WASHINGTON – The crisis in affordable housing in the nation’s cities and suburbs has overshadowed what is going on in rural America, where rental housing options are not only sparse, but also declining.
“We know the shortage of affordable housing is an impediment to attracting new businesses, new residents and new talents,” said Sen. Tina Smith at a hearing Tuesday on rural housing in a Senate banking subcommittee. “The reality is if you don’t have safe, affordable housing in place, nothing else works.”
Smith, D-Minn., is leading an effort by a bipartisan group of lawmakers to overhaul more than 60-year old U.S. Department of Agriculture programs aimed at helping low-income rural residents keep a roof over their heads and find other solutions to shrinking affordable housing in the heartland.
One decades-old USDA program aimed at making both homeownership and rental housing affordable is the Section 515 Rural Rental Housing Loan program, which provides 30-year mortgages at 1 percent interest to those who provide affordable rental housing for low and moderate income families, elderly persons and persons with disabilities.
Tenants in those units can may qualify for another program, the Section 521 Rural Rental Assistance, which covers the difference between 30 percent of a qualified tenant’s income and the monthly rental rate.
But as the mortgages on the Section 515 housing units expire, many owners sell their properties or convert them into conventional rental units. These leaves Section 521 tenants ineligible for the help that helped them pay the rent.
“When the mortgage expires, then the rental assistance ends,” Smith said.
Some of the Section 521 housing has also fallen into disrepair, forcing tenants to leave.
Smith asked witnesses at the hearing what happened to tenants who lost 521 housing.
No one seemed to know.
“Everything is up in the air,” Smith concluded.
Minnesota was a pioneer of the rural housing programs. But, as of a few years ago, there were only about 450 Section 521 mortgage holders in the state, and about 9,760 tenants with rental assistance living in their properties. The number of those properties and rural tenants receiving USDA help is diminishing, witnesses at the hearing said.
Smith and Sen. Jeanne Shaheen, D-N.H., introduced a bill this week that would allow tenants to continue to be eligible for rental assistance even if the property they live in is no longer in the Section 515 program. The legislation would also restructure existing Section 515 loans and extend incentives for property owners to stay in the program.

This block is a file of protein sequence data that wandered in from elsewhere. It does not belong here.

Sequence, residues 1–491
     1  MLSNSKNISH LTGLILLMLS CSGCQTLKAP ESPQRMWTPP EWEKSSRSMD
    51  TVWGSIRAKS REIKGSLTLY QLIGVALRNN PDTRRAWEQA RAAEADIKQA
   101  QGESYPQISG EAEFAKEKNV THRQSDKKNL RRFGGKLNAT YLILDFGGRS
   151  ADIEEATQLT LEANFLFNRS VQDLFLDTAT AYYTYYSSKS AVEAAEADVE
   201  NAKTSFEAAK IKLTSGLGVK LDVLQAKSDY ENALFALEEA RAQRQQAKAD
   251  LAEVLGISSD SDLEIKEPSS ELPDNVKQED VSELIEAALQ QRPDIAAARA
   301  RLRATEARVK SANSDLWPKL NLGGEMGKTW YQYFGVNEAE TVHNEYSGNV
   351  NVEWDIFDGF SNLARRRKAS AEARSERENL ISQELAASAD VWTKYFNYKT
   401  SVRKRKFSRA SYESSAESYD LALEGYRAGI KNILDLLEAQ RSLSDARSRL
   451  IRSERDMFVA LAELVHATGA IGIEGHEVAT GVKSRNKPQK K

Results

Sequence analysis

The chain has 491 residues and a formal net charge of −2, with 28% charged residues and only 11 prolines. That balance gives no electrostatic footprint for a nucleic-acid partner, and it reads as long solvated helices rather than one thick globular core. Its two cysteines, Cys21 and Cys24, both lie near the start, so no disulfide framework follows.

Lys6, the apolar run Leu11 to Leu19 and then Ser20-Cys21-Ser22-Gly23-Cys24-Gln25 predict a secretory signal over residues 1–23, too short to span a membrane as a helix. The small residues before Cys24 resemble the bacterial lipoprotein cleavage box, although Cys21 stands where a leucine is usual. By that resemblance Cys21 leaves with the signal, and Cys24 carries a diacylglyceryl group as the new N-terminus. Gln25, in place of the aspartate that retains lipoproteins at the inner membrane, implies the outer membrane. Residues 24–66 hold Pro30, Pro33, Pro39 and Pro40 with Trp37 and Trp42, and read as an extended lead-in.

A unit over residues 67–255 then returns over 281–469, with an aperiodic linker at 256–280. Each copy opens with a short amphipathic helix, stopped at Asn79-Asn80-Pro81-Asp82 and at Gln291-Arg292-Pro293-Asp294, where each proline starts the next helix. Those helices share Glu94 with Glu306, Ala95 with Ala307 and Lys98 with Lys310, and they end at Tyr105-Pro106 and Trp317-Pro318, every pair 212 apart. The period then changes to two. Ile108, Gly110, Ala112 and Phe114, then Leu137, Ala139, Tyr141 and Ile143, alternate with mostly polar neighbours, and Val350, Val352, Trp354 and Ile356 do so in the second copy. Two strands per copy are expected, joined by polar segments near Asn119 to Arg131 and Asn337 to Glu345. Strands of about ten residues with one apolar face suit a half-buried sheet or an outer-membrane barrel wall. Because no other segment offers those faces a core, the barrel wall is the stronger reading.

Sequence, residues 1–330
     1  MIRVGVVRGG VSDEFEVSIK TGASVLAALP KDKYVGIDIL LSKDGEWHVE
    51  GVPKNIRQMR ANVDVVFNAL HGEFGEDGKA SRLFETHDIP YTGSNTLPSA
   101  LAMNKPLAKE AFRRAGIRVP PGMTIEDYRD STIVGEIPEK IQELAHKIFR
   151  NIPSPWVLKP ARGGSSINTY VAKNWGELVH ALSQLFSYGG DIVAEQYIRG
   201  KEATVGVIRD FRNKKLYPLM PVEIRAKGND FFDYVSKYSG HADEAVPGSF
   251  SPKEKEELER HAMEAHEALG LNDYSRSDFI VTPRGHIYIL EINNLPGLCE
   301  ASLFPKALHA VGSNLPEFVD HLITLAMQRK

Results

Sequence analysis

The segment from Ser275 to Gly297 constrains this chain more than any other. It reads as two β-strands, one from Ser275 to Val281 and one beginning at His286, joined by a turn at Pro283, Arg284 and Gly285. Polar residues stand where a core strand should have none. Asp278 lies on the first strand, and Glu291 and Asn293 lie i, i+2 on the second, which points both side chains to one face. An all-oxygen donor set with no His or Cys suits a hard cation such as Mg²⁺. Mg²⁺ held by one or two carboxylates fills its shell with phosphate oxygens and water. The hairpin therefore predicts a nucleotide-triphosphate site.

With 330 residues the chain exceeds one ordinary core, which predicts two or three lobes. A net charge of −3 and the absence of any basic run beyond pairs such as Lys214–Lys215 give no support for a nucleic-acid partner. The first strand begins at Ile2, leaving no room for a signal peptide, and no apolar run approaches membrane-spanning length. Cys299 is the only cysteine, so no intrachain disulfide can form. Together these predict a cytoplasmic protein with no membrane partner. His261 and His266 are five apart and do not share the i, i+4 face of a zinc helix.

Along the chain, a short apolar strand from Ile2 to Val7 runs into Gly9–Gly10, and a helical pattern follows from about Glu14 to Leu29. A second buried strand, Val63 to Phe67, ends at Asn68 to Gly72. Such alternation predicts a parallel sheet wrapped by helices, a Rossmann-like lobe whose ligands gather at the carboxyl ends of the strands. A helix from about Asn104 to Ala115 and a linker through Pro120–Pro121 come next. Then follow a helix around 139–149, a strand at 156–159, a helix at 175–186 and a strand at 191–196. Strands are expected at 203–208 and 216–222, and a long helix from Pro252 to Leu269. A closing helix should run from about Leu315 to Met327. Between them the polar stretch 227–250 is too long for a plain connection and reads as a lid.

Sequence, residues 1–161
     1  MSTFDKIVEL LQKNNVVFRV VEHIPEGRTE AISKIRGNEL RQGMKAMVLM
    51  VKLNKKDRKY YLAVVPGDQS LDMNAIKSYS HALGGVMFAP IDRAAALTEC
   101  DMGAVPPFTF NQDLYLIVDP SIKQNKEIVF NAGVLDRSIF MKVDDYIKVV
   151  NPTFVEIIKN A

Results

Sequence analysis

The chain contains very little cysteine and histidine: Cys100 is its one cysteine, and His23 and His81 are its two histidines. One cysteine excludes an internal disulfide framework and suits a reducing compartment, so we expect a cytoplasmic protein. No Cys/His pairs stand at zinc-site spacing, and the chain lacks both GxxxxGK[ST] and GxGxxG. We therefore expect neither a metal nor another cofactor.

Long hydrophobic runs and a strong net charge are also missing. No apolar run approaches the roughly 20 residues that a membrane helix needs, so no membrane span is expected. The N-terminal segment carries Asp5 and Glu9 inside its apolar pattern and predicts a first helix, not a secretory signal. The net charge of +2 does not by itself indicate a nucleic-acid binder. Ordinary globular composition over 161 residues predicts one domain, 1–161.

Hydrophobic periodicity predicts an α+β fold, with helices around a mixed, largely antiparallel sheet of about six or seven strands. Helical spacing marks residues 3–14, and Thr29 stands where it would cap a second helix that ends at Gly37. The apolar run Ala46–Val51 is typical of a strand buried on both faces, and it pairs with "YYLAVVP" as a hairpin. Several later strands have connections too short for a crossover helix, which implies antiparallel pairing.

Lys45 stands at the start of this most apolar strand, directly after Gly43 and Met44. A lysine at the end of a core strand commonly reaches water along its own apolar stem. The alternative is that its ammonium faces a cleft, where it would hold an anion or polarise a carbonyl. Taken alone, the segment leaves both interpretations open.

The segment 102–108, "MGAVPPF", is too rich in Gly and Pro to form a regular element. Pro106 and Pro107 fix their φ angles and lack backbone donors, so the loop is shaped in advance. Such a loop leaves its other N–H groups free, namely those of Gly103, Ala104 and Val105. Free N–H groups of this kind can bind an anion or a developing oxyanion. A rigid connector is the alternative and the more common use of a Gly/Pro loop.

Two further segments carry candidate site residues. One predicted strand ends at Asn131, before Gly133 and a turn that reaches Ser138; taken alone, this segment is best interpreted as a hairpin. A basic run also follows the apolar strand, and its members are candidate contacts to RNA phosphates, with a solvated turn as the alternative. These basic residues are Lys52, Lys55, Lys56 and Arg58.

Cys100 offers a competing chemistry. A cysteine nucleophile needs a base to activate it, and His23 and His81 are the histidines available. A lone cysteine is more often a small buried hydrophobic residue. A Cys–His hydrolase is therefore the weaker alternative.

But housing advocates, and Smith herself, say the legislation is only a good first step, and other proposals were discussed, including increased funding for the rural housing programs and administration of those programs and allowing manufactured housing to be eligible for Section 515 loans.
One witness, from a housing non-profit in South Dakota, suggested a USDA program that subsidizes mortgage payments for low-and medium income homeowners be modified so all of the subsidy does not have to be paid back when the property is sold.
“The subsidy payback at the end of the amortization can negatively impact the ability of low-income families to gain generational wealth,” said Marcia Erickson, CEO of GROW South Dakota.
The American Rescue Plan, one of the pandemic relief bills approved by Congress, included $100 million for Section 521 rental assistance for previously unassisted units and households, allowing the USDA’s Rural Housing Service to extend rental assistance coverage to 27,000 units in 3,700 properties. But this additional funding will expired at the end of the federal fiscal year, which is Sept. 30.
“Rural communities are experiencing a housing affordability crisis,” testified Elizabeth Glidden, deputy executive director of the Minnesota Housing Partnership.
She said that in Greater Minnesota 24% of homeowners are “cost burdened,” or paying more than 30% of their monthly income on housing costs, a number that increases to 41% for rural renter households.
She also testified that two-thirds of renter households in Greater Minnesota earn less than $50,000 a year, which is under 50% of the state’s area median income.
In Minnesota, rural residents have fewer housing options and are more likely to live in substandard housing than their urban peers, due to older housing stock, and less compliance and enforcement of codes,” Glidden said.
She also said that more than 40% of homes in Greater Minnesota are over 50 years old, built prior to 1970 and that new construction permits remain low in many rural areas, with some communities going years without a new multifamily housing project.